We’re starting to get a look at imagery from the Stardust spacecraft’s close approach to comet Tempel 1, which occurred this morning at about 0439 UTC (2339 EST). The mission is an extension for the comet-chasing spacecraft, which flew past comet Wild 2 in 2004 and collected samples from the cometary coma that were subsequently returned to Earth. This time we’re returning to a previously visited comet, the site of the Deep Impact spacecraft’s encounter in 2005. You’ll recall that on that mission, an impactor was driven into the comet. Scientists are interested in learning what changes have occurred in the interval between visits, and possibly examining the crater.
Image: NASA’s Stardust-NExT mission transmitted the first image it took during its approach to comet Tempel 1 at 8:35 p.m. PST (11:35 p.m. EST) on Feb. 14, 2011, from a distance of approximately 2,462 kilometers (1,530 miles). The comet was first visited by NASA’s Deep Impact mission in 2005. Credit: NASA/JPL-Caltech/Cornell.
Where are the close-ups? What we know from preliminary data transmitted from the spacecraft is that the closest approach was to a distance of 181 kilometers. At about 0600 UTC, Stardust turned its high-gain antenna at the Earth and began the data downlink that should return the rest of the images later today. We’re expecting 72 images from Tempel 1, but the downloading process hasn’t gone as planned, with the images of the closest approach still aboard Stardust in a glitch that at this point doesn’t seem to threaten the loss of any data. We should know more when a NASA news conference, delayed from 1800 UTC (1300 EST), takes place later in the day.
Later: The images are coming in; here’s a sample. For more, check here.
Image: NASA’s Stardust-NExT mission took this image of comet Tempel 1 at 8:39 p.m. PST (11:39 p.m. EST) on Feb 14, 2011. Stardust-NExT is a low-cost mission that will expand the investigation of comet Tempel 1 initiated by NASA’s Deep Impact spacecraft. JPL, a division of the California Institute of Technology in Pasadena, manages Stardust-NExT for the NASA Science Mission Directorate, Washington, D.C. Joe Veverka of Cornell University, Ithaca, N.Y., is the mission’s principal investigator. Lockheed Martin Space Systems, Denver, built the spacecraft and manages day-to-day mission operations. Credit: NASA/JPL-Caltech/Cornell.
Shades of Mariner 4 when it flew by Mars in 1965. Its 22 hhistoric – if not exactly perfect – images took several weeks to be sent back to Earth at 8 bits per second!
Oh well, Stardust-NeXT was a bargain mission that might not have happened for a long time or at all otherwise. It will be interesting to see if the crater Deep Impact’s 800-pound copper made is as deep as a 7-story building as they predicted. Then again, they also didn’t predict all the fine dust that would be kicked up and block the view of the crater fhe first time. :^)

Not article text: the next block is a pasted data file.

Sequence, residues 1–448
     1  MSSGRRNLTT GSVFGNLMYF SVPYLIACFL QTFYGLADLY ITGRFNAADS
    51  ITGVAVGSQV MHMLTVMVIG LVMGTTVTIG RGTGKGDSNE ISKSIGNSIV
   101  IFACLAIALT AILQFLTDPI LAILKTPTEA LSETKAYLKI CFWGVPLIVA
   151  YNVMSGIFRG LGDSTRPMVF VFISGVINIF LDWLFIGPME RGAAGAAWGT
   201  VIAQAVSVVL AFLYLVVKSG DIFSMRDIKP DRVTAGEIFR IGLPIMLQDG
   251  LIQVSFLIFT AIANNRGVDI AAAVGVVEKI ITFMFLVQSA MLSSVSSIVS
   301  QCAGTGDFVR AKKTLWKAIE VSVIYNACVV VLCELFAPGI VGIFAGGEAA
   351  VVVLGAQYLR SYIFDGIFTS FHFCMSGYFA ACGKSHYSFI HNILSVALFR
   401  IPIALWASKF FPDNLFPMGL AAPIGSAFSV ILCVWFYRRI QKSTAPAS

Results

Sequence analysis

The 72 images are coming in slowly but surely, as you can see here:
The Deep Impact crater is probably that little white “dot” between the two natural craters. Apparently it was expected to be bigger than it seems. We certainly are learning a lot about comets from all this. It also seems from preliminary images that the surface of Temple 1 has not changed much if at all in the six years since DI first saw it. At least on this large, distant scale.
Definitely need to land softly on one of these things for indepth examination. Yes, I know about Rosetta and Champolion – which, btw, has a disc containing identical words from over 1,000 human languages courtesy of the Long Now Foundation.
I am always extremely pleased to see data coming back from these “extended mission” opportunities re-using an existing spacecraft asset. This is NASA at its best.
Speaking as an advocate of our future using these chunks of rock and ice as resources, I think building a more robust and extensive set of data on any of these objects is extremely good.
The small white dot was also there before the Deep Impact event, so that’s definitely not the crater we’re looking for.
In fact, there doesn’t seem to be any convincing evidence for an impact crater at all. (are we at the right comet? ;P )
Very surprising results. The surface must be extremely porous.
It looks like Stardust got a good look at the impact point. I don’t see anything notable on the new image but I don’t think these are the full resolution images.
Here is a close-up image of the Deep Impact crater:
Much more subdued than anticipated. Says a lot about the comet’s makeup.
Late to the party on this one, Paul, but I must share the reaction I had when I read your headline? ‘Delayed images…’ !
The spacecraft is how many thousands of km away? Hasn’t our perspective changed over the last few decades!
More information and images here: